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Rails Render Layout


The reason I am using an if with ENV['RESCUE_404'], is so I can test the raising of AR::RecordNotFound in isolation. I have here placed the base logic in ApplicationController, but it can also be placed in more specific controllers, to have special logic only for one controller. One can use the ActionView::render method via render :file => 'layouts/news' to base a new layout on the News layout. When Rails is not able to infer any format (e.g. this contact form

see more linked questions… Related 370How can I properly handle 404 in ASP.NET MVC?1Upgraded a site from PHP to rails. Rendering of partials from the controller makes it possible to use the same partial template in both the full-page rendering (by calling it from within the template) and when sub-page updates Here’s one way of doing it: def my_action @items = Enumerable::Enumerator.new( Item.some_named_scope, :find_each, :batch_size => 500) respond_to do |format| format.xml do render :text => lambda { |response, output| extend ApplicationHelper xml Xaver over 2 years ago ruby class ThingsController < ApplicationController def show @thing = Thing.find(:id) if @thing.user != current_user && @thing.is_private?

Rails Render Layout

If your application hijacks all of the routes from the root. We recommend using a separate rjs template instead, no matter how small the update. 2.2.7 Rendering Text You can send plain text - with no markup at all - back to jokklan over 3 years ago This doesn't work with airbrake :s Do anyone know a solution to this? The rule is that if you do not explicitly render something at the end of a controller action, Rails will automatically look for the action_name.html.erb template in the controller's view path

By default, files are loaded from public/audios. <%= audio_tag "music.mp3" %> You can supply a path to the audio file if you like: <%= audio_tag "music/first_song.mp3" %> You can also supply The only thing that helped me so far was to create static error pages using the (now working) curl command. Note that there is no limit in nesting levels. Rails Content_for Of course, you need to have rights to the view that you're using to render the content.Using the :file option in combination with users input can lead to security problems since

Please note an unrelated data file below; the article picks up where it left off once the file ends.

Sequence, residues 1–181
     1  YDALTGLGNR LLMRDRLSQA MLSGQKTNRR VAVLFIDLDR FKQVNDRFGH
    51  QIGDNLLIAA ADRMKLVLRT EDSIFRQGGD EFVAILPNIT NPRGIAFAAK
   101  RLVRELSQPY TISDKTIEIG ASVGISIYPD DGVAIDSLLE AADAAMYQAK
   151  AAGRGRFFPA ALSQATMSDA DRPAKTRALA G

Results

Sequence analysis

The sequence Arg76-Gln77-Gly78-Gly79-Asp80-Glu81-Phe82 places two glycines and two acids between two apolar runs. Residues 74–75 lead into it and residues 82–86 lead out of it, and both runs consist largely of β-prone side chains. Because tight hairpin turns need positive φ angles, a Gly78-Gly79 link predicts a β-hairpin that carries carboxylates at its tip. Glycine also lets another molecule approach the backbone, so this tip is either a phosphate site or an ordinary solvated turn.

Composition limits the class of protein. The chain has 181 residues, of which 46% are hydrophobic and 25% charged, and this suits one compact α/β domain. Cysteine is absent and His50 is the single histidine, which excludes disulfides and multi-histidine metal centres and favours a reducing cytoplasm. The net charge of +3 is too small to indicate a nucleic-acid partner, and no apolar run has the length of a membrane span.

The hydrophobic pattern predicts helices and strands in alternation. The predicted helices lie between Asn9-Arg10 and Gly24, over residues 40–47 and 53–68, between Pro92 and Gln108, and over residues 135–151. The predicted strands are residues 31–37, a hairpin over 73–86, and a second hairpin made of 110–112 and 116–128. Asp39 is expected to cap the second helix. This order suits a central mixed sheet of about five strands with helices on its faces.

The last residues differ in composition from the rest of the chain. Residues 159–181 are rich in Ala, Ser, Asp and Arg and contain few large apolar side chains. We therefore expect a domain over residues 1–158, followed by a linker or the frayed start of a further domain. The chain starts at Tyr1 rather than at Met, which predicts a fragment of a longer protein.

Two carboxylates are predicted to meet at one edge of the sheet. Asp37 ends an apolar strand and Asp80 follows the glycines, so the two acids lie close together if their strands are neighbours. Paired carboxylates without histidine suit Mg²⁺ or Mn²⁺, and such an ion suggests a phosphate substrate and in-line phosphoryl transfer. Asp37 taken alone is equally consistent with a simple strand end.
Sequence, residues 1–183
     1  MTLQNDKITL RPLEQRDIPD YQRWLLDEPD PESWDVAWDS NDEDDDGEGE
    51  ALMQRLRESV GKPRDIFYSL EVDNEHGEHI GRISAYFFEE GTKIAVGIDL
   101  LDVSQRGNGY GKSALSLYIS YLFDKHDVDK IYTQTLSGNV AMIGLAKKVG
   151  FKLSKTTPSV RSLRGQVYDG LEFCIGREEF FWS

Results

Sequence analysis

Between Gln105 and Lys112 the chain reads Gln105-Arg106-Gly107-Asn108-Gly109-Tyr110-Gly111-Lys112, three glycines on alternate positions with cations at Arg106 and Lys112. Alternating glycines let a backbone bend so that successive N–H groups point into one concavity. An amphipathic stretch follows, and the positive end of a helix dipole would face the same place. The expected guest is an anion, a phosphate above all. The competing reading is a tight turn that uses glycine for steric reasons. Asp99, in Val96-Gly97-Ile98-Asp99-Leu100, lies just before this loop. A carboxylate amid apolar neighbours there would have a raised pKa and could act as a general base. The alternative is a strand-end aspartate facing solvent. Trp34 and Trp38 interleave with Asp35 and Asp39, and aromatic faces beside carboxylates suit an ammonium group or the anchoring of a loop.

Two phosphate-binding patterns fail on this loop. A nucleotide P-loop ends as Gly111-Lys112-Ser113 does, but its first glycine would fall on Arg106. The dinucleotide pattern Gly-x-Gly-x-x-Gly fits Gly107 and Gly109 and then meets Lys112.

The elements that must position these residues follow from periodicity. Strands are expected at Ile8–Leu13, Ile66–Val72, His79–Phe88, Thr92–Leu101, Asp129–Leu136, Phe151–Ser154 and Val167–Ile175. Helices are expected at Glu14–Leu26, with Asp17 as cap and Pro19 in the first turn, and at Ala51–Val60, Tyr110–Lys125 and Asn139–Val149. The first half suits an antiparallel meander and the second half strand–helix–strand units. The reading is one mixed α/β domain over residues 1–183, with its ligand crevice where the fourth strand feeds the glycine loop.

This should generally be avoided, as it violates the separation between code and content, and because almost everything that can be done with this method can also be done more cleanly Rails Render Json For example, you could redirect from wherever you are in your code to the index of photos in your application with this call: redirect_to photos_url You can use redirect_back to return Application Controller class ApplicationController < ActionController::Base protect_from_forgery unless Rails.application.config.consider_all_requests_local rescue_from ActionController::RoutingError, ActionController::UnknownController, ::AbstractController::ActionNotFound, ActiveRecord::RecordNotFound, with: lambda { |exception| render_error 404, exception } end private def render_error(status, exception) Rails.logger.error status.to_s + " When you pass a collection to a partial via the :collection option, the partial will be inserted once for each member in the collection: index.html.erb


<%= render partial: "product", collection:

After all, "a skeptic checks ALL the drawers" :) http://dilbert.com/strips/comic/1998-01-20/ FYI: I don't recommend testing for things that are happening in the controller, ie "should_raise". Rails Render Nothing Here’s why I think these are great things to add to your Rails backpack of tools, and how to set them up. Modify these files like so: config/application.rb1 2 3 4 5 6 7 8 9 10 # … module NameOfMyApp class

Rails Render Json